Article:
which enters in the Green-Kubo formula for the shear viscosity (2.23). In Appendix A, we show how to obtain the complete viscosity tensor in terms of autocorrelation function of the microscopic momentum density, that is, the Green-Kubo formula ηi j,kl

β = V

Z

0

∞h

i hJi j (0) Jkl (t)i − hJi j ihJkl i dt .

(2.42)

2.4 The periodic boundary conditions and their consequences The main purpose of this work consists in the study of transport processes (mainly the viscosity) which are basically bulk properties of matter. While, in systems of macroscopic size, only a very small fraction of particles is close to the wall of the container, this is no longer the case in molecular-

46

Chapter 2. Helfand-moment method

dynamics simulation since the system is necessarily composed of a finite number of particles . Indeed, consider a three-dimensional system with N = 10 21 . Since the number of atoms on the surface is of order N 2/3 , it means that only 1014 of them are near the walls, that is to say one in 10 7 . On the other hand, in molecular dynamics, a typical number of particles is 1000. Consequently, hundreds of atoms are close to the surface and affect the computation of bulk properties. The standard way to avoid such problems is to consider a system with periodic boundary conditions (p.b.c). Considering periodic systems implies that the particles in a “fundamental cell” are reproduced in the neighbouring ones, and so on. Therefore the dynamics of particles of the fullyextended system can be reduced to the one of the particles moving inside the fundamental cell. The opposite boundaries of this cell are identified. It is equivalent to say that the particles are moving on a torus (see Fig. 2.1). A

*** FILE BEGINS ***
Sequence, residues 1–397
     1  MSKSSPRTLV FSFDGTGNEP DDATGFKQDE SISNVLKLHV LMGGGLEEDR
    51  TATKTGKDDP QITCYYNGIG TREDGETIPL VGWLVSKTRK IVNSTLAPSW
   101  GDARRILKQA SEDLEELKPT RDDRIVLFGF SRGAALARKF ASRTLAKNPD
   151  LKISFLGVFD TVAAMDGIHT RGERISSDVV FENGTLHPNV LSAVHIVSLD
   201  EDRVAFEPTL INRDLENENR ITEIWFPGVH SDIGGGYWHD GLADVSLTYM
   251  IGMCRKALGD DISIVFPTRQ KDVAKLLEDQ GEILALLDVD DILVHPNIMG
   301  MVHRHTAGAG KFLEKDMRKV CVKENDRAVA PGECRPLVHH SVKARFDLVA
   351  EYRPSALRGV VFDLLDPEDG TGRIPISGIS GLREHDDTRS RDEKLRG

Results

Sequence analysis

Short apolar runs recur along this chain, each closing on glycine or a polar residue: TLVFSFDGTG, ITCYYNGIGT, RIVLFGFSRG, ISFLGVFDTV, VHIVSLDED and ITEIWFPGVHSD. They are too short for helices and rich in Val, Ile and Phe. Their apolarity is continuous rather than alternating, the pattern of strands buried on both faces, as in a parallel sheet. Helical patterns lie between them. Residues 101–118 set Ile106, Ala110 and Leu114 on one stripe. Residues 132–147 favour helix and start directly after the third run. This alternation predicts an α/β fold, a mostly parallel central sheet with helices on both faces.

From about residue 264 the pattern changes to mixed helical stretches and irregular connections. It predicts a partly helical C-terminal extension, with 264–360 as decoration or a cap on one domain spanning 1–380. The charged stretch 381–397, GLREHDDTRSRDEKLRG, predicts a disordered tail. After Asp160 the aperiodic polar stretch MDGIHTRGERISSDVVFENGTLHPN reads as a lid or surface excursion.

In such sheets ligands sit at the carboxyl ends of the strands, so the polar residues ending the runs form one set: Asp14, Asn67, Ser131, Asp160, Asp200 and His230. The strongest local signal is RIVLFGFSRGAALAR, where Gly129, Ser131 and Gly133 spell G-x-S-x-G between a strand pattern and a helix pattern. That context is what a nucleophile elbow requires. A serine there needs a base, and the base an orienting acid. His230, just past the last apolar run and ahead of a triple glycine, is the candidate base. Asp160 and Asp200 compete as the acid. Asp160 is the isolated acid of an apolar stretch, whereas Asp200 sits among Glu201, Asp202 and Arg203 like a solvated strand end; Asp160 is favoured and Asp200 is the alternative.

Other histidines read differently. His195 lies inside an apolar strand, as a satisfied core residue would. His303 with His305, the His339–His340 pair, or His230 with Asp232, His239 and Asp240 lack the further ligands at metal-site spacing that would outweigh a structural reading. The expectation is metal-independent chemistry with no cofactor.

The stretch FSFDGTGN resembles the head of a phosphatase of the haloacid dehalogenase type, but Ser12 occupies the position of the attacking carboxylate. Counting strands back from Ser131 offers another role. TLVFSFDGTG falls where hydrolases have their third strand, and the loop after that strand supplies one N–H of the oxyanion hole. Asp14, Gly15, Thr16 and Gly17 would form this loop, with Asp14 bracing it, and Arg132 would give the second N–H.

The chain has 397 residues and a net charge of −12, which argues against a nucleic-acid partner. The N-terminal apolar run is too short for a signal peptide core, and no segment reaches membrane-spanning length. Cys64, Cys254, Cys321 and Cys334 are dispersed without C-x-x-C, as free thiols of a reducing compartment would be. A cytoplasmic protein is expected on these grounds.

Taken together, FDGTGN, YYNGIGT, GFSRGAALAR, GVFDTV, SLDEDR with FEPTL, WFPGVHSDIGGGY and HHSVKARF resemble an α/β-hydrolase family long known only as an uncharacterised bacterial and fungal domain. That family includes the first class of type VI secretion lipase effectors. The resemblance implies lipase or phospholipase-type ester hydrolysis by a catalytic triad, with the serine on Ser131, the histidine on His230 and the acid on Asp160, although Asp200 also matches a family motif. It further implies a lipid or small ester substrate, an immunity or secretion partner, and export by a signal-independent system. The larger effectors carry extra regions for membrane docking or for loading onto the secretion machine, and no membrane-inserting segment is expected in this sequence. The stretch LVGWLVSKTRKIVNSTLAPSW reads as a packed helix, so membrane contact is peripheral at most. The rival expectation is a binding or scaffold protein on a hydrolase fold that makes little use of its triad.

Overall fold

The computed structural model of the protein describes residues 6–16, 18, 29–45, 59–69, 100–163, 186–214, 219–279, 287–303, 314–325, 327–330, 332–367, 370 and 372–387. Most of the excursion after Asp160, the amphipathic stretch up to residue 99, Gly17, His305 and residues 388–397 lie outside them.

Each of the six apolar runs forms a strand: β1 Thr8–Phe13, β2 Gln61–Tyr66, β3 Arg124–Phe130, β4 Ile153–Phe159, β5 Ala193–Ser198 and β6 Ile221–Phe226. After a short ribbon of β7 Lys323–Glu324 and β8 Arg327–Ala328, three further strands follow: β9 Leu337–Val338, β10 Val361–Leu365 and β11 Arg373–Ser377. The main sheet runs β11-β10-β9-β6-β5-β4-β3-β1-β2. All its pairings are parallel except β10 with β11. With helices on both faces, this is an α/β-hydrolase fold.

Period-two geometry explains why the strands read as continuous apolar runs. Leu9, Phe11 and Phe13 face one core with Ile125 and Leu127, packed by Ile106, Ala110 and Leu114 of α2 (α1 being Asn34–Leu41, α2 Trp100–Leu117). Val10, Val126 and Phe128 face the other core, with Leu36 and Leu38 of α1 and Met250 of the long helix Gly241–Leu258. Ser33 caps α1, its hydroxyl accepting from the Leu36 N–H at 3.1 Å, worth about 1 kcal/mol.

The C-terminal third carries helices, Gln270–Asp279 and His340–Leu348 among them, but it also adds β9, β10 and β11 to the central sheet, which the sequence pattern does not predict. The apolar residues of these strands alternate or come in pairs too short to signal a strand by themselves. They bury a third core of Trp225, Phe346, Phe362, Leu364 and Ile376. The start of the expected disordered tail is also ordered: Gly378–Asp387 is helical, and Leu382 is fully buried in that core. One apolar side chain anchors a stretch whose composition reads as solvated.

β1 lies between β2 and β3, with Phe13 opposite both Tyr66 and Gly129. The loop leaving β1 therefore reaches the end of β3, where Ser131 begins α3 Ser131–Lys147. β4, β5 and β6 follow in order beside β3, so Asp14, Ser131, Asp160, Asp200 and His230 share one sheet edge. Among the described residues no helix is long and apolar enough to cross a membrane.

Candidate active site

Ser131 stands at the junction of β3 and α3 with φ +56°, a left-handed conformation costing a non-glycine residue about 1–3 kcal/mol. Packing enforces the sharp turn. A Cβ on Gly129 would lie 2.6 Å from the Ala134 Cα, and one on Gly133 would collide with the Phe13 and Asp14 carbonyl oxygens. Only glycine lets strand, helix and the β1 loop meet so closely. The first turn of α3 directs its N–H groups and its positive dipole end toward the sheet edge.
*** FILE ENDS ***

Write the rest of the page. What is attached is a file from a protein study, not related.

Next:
D

C

DD

A B

C

B

DC